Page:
Did you know that in Anglo-Saxon countries there are no sworn translators?

Published on 21/11/2022

1. What is a sworn translation?

The demand for sworn translation services has increased due to our globalised market, increasing immigration , the expansion of international tourism. This is because the translation of any official document (used for almost every official procedure) depends on the country-specific laws and regultation. The translation of legal or administrative documents involves a special process in which it must be endorsed by the signature and stamp of a sworn translator.

2. What are sworn translators?

In countries such as Spain, Sworn Translators are formally authorised by a Foreign Affairs office, giving them official status for the translation of documents. To take on this responsibility, a sworn translator needs to have profound knowledge of linguistics and legal terminology to be able to produce a proper equivalent of the original source. Normally, a sworn translator must take an oath before a court in his or her country stating that he or she will carry out all his or her translations accurately.

The most common documents that usually require sworn translations are:

  • Civil acts
  • Wills
  • Contracts
  • Official, legal or administrative documents
  • School diplomas and certificates, etc.

3. Which countries do not require sworn translations?

In order to find a sworn translator who meets your requirements, the most common way to find a sworn translator is to look for local court lists or a translation agency. However, it is important to remember that not all countries require a sworn translation. In other words, the translation requirements of each country often depend on its legal framework.

Depending on the legal framework of each country, it usually falls into one of two categories:

  • Common law: which is based on legal precedent and is more flexible, as it leaves room for interpretations. Common law applies to countries such as the UK, the US and the UK. The US and Australia do not have an official translation system. In these cases, it depends on the authority’s specific requirements. Usually the document needs to include the translator’s statement certifying that it is a true and accurate translation of the original. In case of a choosing AbroadLink, the same statement, name of the translator as well as contact details.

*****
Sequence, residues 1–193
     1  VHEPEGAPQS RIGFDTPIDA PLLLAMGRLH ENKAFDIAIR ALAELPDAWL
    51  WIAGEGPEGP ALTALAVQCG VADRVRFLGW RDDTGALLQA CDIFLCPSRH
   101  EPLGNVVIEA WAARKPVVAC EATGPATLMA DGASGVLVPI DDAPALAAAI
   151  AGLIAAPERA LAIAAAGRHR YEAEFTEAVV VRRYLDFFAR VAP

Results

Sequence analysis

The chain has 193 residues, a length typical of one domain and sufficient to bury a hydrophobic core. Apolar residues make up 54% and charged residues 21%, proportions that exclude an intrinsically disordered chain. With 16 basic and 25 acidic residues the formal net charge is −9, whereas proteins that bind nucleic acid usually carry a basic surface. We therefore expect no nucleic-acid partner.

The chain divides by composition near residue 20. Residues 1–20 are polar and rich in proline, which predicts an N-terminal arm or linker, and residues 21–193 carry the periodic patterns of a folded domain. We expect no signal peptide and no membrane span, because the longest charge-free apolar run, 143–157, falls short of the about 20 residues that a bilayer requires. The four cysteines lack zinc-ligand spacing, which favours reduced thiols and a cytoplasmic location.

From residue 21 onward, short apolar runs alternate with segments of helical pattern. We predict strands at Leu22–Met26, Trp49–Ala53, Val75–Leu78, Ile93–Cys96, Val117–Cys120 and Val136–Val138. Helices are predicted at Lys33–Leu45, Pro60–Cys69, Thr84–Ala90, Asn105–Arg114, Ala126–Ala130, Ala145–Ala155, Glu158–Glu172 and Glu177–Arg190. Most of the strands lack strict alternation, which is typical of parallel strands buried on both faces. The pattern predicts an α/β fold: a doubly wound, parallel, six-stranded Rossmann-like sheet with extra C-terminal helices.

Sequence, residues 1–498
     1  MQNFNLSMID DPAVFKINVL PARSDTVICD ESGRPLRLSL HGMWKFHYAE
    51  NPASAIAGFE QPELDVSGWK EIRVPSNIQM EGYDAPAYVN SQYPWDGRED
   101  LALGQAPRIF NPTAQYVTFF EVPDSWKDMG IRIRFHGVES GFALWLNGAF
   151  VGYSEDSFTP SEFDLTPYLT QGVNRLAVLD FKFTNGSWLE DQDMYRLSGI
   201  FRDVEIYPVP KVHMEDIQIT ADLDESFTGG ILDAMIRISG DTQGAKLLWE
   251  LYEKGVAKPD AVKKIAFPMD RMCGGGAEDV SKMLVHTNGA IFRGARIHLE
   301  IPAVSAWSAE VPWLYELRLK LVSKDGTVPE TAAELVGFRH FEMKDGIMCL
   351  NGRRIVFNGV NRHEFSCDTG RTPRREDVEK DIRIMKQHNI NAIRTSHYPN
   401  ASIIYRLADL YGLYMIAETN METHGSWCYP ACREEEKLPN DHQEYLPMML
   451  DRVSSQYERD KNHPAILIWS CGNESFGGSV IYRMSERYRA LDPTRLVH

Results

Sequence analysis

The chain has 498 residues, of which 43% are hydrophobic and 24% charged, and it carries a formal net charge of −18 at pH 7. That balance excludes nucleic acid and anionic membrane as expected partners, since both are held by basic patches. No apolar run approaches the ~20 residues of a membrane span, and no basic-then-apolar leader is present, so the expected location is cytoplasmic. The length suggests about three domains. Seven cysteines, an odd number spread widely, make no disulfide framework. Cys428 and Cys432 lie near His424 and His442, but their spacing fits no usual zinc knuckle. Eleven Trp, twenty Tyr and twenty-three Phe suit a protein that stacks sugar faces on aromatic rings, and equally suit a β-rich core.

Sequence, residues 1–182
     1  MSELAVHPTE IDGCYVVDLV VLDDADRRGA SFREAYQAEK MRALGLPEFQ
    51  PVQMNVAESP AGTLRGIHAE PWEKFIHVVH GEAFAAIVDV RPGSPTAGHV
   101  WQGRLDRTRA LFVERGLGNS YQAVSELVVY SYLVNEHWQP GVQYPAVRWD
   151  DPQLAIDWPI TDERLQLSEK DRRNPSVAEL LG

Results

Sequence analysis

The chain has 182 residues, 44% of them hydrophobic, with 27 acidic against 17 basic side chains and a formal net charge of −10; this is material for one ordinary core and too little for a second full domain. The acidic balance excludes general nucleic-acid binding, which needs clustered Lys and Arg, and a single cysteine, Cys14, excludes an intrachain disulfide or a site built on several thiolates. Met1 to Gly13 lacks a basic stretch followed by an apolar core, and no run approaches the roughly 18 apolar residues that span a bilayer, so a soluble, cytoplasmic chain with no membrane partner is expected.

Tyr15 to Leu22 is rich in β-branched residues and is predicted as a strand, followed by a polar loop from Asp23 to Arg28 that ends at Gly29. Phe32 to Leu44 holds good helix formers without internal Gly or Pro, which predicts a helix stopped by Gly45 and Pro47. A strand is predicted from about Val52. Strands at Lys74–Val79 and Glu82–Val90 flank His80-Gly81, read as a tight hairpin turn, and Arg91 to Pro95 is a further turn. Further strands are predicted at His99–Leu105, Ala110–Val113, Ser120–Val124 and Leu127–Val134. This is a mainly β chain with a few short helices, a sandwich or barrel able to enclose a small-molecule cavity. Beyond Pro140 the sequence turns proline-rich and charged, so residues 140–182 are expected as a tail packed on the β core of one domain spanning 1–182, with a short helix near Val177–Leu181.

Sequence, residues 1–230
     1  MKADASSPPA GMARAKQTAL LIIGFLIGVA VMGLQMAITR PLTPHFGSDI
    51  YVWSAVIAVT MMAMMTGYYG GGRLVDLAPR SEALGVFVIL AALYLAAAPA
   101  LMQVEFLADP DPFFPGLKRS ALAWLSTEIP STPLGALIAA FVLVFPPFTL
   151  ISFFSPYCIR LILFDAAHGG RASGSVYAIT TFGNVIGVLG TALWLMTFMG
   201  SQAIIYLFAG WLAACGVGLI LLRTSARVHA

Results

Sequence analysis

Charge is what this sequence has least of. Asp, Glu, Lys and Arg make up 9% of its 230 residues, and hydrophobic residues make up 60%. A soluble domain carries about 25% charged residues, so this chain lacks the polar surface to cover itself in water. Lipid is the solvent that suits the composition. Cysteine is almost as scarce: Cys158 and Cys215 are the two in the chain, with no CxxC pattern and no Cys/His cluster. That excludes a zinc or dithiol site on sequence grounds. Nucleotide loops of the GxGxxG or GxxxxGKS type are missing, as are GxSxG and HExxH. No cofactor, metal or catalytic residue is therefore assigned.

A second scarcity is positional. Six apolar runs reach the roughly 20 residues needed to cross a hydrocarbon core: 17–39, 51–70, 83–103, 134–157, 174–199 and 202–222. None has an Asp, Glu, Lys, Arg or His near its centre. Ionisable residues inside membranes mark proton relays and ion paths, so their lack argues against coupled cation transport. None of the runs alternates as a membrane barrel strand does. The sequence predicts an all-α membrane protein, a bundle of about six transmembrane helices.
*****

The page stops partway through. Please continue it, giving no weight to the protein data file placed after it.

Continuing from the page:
• Civil law: based on well-established law, this means there is no room for interpretations. This applies to countries such as France, Spain, Italy, Germany and Romania, which have well-established translation systems. In these countries, there are sworn translators who are appointed and accredited by the government or regional/local courts.

4. What does this mean?

This means that if, for example, you are from India and want to apply for a visa in the United States, you will not need the service of a sworn translator to translate your documents from Hindi into English, as this system is not part of US law. You will only require the service of a professional translator to certify your documents and, if necessary, notarise them.

On the other hand, if you want to apply for a visa in Spain or Italy, these governments will expect a sworn translator to translate all the required documents into Spanish or Italian. The same applies to official translations into German, French or Portuguese, as these countries also fall under the legal framework of civil law.

5. How does a sworn translator work?

A sworn translator will first request a copy of the documents to be translated (original). Sometimes there are also special requirements for the paper for the translation, like in Spain. It must be legally registered stamped-paper. Also signature and the translator’s personal stamp and number need to be included. In case the documents are required by a country operating under Common Law, an apostille can also be reuqired. The translations do not require any additional legalisation, as they were carried out by an authorised sworn translator.

If your translation is to be submitted to an authority within a civil law country, you will most likely be asked for a sworn translation and not a certified translation. At AbroadLink we can provide this type of service for a wide range of countries, so please do not hesitate to contact us.

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Virginia Pacheco's picture
Virginia Pacheco

Blog writer and Community Manager interested in multiculturality and linguistic diversity. From her native Venuzuela, she has travelled and lived for many years in France, Germany, Cameroon and Spain, passing on her passion for writing and her intercultural experiences.

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